May 15, 2013 at 6:50 am #1302946
@maiaLocale: Rocky Mountains
Companion forum thread to:May 15, 2013 at 7:53 am #1986305
@davecLocale: Crown of the Continent
Dude. You can't talk about singlespeeding without saying what gear ratio you runnin.
Time to upgrade to a ss-specific frame, or at least flip the spring and run that singulator in the push up position so you can shorten your chain.May 15, 2013 at 11:28 am #1986378
Could also convert to this bio hub for running ss with vertical dropouts: http://www.whiteind.com/rearhubs/singlespeedhubs.html
I'm racing the Tour Divide in June on my full rigid ss Niner carbon Air9 (32/17)… I should probably post my gear list to get it dialed in by this august body??May 15, 2013 at 12:32 pm #1986396
What Bivy Sack is that?May 15, 2013 at 12:47 pm #1986399
@davecLocale: Crown of the Continent
An Eno is an option, though I'd assume Ryan's frame has 130mm rear spacing, and the narrower chainline can be a problem with chainring clearance.May 15, 2013 at 1:39 pm #1986413
@jamesdmarcoLocale: Finger Lakes
Thanks, Ryan.May 15, 2013 at 2:12 pm #1986421
I'm successfully running one on my 130mm track bike conversion (alum Cervelo frame, 53/17), though it did require running the big ring inside the spider.
But yeah, shrinking the chain would be more efficient *and* save some weight. :)May 15, 2013 at 6:00 pm #1986554
"My SUL raft is a vintage 1980s Curtis Designs Packraft (22 oz!)"
Oh, baby, I want one of those!
Bill S.May 15, 2013 at 8:22 pm #1986601
@tjaardLocale: Minnesota, USA
Can you put that bike on that raft to cross rivers etc?May 15, 2013 at 8:25 pm #1986603
If you are very careful.The end of a brake cable in the wrong place could be a problem. ……..sssssssss
(well, perhaps not That bike and That packraft…)May 16, 2013 at 4:42 am #1986685
@morte66Locale: Surrey flatlands, England
I see you like bivvies.
I think BPL needs a survey of LVBP — Lightweight Voluntary Bivy Packing. Bivvies for people who just plain like sleeping in bivvies. An article starting from the premise "I want to use a bivy as often as possible, what are the options?". There was a SOTM, but it's been a while now, and didn't have this approach to the question.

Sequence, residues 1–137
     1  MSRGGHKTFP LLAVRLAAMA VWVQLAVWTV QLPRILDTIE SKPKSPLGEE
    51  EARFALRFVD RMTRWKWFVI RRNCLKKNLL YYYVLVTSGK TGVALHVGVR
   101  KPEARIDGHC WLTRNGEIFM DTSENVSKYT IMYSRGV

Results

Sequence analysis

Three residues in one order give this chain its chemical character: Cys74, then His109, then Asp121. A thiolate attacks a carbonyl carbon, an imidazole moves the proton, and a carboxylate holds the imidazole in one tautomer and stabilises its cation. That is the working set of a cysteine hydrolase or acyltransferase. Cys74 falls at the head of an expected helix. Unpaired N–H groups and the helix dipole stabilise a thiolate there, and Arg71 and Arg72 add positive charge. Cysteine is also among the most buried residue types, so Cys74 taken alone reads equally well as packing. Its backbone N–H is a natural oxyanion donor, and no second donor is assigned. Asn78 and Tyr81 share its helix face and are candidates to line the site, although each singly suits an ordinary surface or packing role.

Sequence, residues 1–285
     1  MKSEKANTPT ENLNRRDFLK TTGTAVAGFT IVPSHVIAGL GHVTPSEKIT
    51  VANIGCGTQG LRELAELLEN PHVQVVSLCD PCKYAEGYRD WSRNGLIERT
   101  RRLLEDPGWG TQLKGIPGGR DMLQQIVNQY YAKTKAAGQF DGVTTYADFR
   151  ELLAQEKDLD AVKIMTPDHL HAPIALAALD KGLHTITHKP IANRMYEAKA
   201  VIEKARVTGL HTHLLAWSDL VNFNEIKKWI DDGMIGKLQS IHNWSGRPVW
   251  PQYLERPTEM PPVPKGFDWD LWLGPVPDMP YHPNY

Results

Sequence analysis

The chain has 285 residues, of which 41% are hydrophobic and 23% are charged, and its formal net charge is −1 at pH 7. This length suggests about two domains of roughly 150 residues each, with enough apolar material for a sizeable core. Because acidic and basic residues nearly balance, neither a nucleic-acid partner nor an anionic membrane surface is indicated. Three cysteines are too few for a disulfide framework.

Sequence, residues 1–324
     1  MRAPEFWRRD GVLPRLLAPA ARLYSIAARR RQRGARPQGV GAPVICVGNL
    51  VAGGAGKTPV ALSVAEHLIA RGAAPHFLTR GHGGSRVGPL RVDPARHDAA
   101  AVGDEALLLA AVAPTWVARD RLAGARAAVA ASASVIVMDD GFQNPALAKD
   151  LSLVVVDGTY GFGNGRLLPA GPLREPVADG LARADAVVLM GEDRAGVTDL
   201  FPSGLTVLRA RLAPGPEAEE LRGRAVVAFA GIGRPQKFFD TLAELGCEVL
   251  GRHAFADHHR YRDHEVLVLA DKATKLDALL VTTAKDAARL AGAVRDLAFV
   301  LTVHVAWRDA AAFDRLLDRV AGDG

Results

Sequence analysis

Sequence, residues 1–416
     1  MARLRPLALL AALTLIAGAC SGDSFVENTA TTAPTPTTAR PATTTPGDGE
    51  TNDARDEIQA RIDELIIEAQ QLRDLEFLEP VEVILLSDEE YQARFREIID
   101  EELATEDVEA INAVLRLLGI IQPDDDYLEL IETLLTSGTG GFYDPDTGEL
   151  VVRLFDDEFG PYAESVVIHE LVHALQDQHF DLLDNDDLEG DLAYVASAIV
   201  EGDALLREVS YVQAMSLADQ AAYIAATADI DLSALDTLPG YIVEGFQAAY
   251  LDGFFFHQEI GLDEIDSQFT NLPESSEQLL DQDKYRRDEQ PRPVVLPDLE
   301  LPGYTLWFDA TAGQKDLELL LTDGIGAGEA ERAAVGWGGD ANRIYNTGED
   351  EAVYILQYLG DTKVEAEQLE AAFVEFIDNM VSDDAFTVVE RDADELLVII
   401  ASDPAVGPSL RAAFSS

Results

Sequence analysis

Then you can look at desert bivvies with ponchos for occasional rain, eVent bivvies, Cindarellas like the Unishelter, inflatable mats and winter bags in bivvies, the ins and outs of bugnet designs, the ins and outs of getting in and out (especially in the rain), the joys of cooking in a bivy…May 16, 2013 at 11:30 am #1986823
@pitsyLocale: Central Texas
What kind of spares do you bring for the bike? I'm worried that if you use a bike to cover a lot of mileage then suffer a breakdown, you might have a looong walk back. What do you consider a safe minimum for trailside bike repairs?
And, you can run a single-speed setup on a bike with vertical dropouts without a chain tensioner or eccentric-axle hub.May 17, 2013 at 8:04 am #1987027
@ryanLocale: Northern Rockies
@davec: 36/18. I like it for dirt roads, and allows me to commute reasonably. I have to walk up some hills with it, though, and the kids smoke me on the downhills of course. I'm looking for a SS frame. I'm not very smart when it comes to bikes, so it's hard for me to figure this out with online shopping.
@RonBabington: I've been looking at the Air9. I'd love to see your build. Can you post here?
@FrankH: MLD eVENT bivy.
@tjaard: Yes, but no reasonable way to tie it down so it's strictly limited to *really* calm lake/river crossings or there will be a huge yard sale.
@pitsy: I'll bring 2 tubes, patch kit, a few chain links, hex set, and pump, for the usual overnighter where I'm within a half-day's walk to a road/car.May 17, 2013 at 8:57 am #1987041